Some theories in mental health suggest that our mind consists of multiple layers, with certain thoughts, feelings and memories being blocked from our conscious mind. These thoughts are said to reside in our unconscious mind.

Sigmund Freud pioneered this theory, and argued that unprocessed elements in our unconscious mind affects us to this day, and causes mental disturbances that result in mental illnesses like Depression or Anxiety.

If this theory is accurate, then a key question is how can an individual reach their unconscious mind? This forms a key part of Freud’s theory of Psychoanalysis.

Freud’s Theory of the Mind

Sigmund Freud’s theory of the mind is well-known. Freud argued that there are three parts to the mind – the unconscious mind, the preconscious mind and the conscious mind.

We have an article that provides an overview and explores the differences of these three levels of the mind, which you can view by clicking here.

As mentioned, Freud suggested that certain thoughts, feelings and memories are located in the unconscious mind. These normally relate to traumatic experiences, and therefore as a defence mechanism, the mind didn’t process them, causing them to be stuck in the unconscious mind.

But this continues to cause problems for the person, as these areas in the unconscious mind haven’t been processed properly. Therefore, Freud argues that in order to improve our mental health, we need to bring these areas to the conscious mind, in order for us to process them healthily.

A visual representation of the levels of the mind in terms of an iceberg

Techniques to bring the unconscious to our conscious

Freud suggested that using his theory of Psychoanalysis, that it would be possible to bring certain areas from the unconscious to the conscious. He proposed using three main techniques to achieve this:

  • Dream Analysis: A common technique employed is dream analysis – which is the idea that the dreams or nightmares that a person has is very important. Freud suggested that the dreams humans have are often crafted by the life around us. Freud suggested that dreams are a disguised fulfilment of a wish, and that by analysing dreams, potential areas that are troubling an individual can be identified. Essentially, a person’s dream may show a wish they have (often an unconscious wish) fulfilled – though there is a reason outside of their awareness for this.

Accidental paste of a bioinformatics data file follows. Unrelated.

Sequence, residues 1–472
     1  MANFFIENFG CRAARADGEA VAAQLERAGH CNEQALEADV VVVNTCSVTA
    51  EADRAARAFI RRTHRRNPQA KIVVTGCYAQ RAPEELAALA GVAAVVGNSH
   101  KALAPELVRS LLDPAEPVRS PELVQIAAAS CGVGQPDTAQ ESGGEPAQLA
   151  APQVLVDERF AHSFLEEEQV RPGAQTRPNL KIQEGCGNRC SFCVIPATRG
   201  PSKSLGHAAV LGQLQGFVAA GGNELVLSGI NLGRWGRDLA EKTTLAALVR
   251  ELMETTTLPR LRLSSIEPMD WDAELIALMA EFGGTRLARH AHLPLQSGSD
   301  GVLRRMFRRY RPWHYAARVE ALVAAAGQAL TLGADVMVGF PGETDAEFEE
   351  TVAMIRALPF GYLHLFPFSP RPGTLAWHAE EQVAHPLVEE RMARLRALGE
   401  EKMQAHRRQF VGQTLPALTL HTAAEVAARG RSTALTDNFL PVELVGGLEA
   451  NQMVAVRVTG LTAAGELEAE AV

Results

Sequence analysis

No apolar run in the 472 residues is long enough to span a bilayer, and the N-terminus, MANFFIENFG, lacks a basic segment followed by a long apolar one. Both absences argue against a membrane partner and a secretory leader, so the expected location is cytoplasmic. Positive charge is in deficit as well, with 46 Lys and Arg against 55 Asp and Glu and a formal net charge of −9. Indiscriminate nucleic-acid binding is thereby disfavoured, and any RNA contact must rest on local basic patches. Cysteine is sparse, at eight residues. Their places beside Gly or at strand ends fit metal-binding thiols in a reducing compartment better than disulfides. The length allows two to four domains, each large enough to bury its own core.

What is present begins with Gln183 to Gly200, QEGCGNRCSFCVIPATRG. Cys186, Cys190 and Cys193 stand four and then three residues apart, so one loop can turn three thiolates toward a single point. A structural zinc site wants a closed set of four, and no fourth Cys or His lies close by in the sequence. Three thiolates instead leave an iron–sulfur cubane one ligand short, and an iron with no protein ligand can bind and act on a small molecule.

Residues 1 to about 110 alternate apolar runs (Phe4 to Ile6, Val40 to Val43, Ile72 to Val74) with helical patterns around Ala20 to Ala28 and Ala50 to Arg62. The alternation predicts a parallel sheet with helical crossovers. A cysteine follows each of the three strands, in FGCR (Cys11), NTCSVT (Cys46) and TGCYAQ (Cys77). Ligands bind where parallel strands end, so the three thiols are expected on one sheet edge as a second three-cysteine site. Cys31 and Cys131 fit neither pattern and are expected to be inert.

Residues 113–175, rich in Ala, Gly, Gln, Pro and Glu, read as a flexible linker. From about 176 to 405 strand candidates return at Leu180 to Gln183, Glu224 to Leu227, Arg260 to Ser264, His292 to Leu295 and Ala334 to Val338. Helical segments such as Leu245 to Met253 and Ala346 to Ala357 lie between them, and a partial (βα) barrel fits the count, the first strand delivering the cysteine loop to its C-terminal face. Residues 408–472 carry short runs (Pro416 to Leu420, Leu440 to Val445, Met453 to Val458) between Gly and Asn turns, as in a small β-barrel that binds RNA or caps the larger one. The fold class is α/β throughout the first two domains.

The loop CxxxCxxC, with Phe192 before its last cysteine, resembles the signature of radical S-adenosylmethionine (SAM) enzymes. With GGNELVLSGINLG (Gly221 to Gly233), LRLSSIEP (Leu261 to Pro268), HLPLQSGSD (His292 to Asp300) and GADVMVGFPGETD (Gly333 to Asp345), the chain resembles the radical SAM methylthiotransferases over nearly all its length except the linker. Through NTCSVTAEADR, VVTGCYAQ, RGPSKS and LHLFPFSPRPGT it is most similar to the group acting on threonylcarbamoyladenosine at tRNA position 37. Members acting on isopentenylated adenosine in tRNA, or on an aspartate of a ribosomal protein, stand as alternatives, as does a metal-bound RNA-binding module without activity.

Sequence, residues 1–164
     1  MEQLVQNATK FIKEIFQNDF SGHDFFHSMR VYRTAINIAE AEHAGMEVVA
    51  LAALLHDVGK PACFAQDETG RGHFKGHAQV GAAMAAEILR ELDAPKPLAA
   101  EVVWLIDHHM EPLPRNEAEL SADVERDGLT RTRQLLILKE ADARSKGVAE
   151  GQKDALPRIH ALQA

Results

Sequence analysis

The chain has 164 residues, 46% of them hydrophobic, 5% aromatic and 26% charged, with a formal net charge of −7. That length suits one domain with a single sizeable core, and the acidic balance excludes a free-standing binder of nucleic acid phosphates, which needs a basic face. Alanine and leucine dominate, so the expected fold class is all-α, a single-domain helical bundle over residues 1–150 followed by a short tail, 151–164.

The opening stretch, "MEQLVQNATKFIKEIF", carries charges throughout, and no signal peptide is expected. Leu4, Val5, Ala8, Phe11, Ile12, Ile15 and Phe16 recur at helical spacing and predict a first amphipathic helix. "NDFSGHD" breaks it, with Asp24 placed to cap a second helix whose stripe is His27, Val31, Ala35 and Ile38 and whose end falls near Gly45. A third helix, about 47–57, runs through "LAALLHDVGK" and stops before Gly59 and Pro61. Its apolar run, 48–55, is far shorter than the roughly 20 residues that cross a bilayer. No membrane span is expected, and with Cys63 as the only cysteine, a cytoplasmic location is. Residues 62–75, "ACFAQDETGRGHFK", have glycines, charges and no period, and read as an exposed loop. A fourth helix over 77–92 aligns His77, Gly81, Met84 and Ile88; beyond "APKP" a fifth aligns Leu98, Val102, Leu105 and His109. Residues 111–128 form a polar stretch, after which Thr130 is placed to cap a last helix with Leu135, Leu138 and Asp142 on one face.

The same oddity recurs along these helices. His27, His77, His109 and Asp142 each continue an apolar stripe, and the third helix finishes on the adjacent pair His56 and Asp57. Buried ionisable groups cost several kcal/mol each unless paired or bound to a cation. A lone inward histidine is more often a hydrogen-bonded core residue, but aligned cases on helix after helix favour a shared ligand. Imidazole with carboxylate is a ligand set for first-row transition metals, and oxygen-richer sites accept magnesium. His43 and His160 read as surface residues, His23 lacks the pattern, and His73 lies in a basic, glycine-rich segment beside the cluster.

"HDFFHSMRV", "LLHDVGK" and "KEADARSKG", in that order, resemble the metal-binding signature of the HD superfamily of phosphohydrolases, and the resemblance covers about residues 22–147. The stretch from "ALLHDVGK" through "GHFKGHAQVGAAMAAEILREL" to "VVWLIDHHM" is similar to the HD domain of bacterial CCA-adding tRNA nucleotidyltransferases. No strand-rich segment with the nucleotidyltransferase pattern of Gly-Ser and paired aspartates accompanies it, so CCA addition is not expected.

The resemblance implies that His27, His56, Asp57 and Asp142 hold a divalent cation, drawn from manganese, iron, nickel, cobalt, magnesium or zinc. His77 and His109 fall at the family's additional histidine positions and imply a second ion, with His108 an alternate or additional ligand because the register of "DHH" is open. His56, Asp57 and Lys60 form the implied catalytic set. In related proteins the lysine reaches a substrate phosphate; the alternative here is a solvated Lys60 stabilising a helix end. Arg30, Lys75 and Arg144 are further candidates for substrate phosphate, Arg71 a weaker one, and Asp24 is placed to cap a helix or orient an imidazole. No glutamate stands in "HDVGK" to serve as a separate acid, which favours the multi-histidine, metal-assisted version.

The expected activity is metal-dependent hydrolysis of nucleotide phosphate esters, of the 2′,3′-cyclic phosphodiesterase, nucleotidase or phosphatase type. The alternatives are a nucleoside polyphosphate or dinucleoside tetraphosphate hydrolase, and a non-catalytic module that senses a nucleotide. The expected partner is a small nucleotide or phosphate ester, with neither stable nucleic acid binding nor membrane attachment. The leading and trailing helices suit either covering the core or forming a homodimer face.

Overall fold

• Freudian Slips: Also known as a slip of the tongue, this is where a person – when talking or writing, acts in a slightly unusual way. They may say or write something that is not in keeping with a topic, or that they didn’t consciously mean to say. Freud suggested that these slips, or ‘para praxes’ as he called them, come from the unconscious mind, and actually reflect the true thoughts of someone. Freud argues that a therapist should therefore pay attention to everything that their patient says – there is no such thing as a “throwaway comment”, he says.
  • Free word association: Word association refers to an instance where a person is allowed to freely speak their mind. In therapy, a person would relax, and talk about anything that comes to mind – regardless of its nature. The therapist would look out for common themes or patterns. Freud suggested that word association could help in uncovering content from the unconscious mind. As many of the areas in the unconscious mind are negative, a patient may secretly yearn to get over a certain trauma. Free word association may enable this process to happen.

This combination of techniques, along with regular discussions and conversations, can help a therapist to allow unconscious thoughts, feelings and memories come to the conscious mind, according to Freud.

In the modern age, Psychoanalytical Psychotherapy and Psychodynamic Psychotherapy are the main two types of therapy that base their foundation on Freud’s theory of Psychoanalysis.


Freud’s theory of the mind is an important part of his overall ideas, and has certainly impacted the field of psychology.

As ever, regardless of the techniques used, what is most important is that a person manages to get effective help when they are struggling with their mental health.

See Also


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